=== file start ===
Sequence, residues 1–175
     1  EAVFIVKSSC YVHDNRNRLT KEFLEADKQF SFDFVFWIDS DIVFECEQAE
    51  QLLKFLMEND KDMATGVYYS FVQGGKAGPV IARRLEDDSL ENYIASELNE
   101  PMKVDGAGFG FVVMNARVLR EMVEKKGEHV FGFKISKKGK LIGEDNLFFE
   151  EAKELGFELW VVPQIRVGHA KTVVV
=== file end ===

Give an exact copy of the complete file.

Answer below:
Sequence, residues 1–175
     1  EAVFIVKSSC YVHDNRNRLT KEFLEADKQF SFDFVFWIDS DIVFECEQAE
    51  QLLKFLMEND KDMATGVYYS FVQGGKAGPV IARRLEDDSL ENYIASELNE
   101  PMKVDGAGFG FVVMNARVLR EMVEKKGEHV FGFKISKKGK LIGEDNLFFE
   151  EAKELGFELW VVPQIRVGHA KTVVV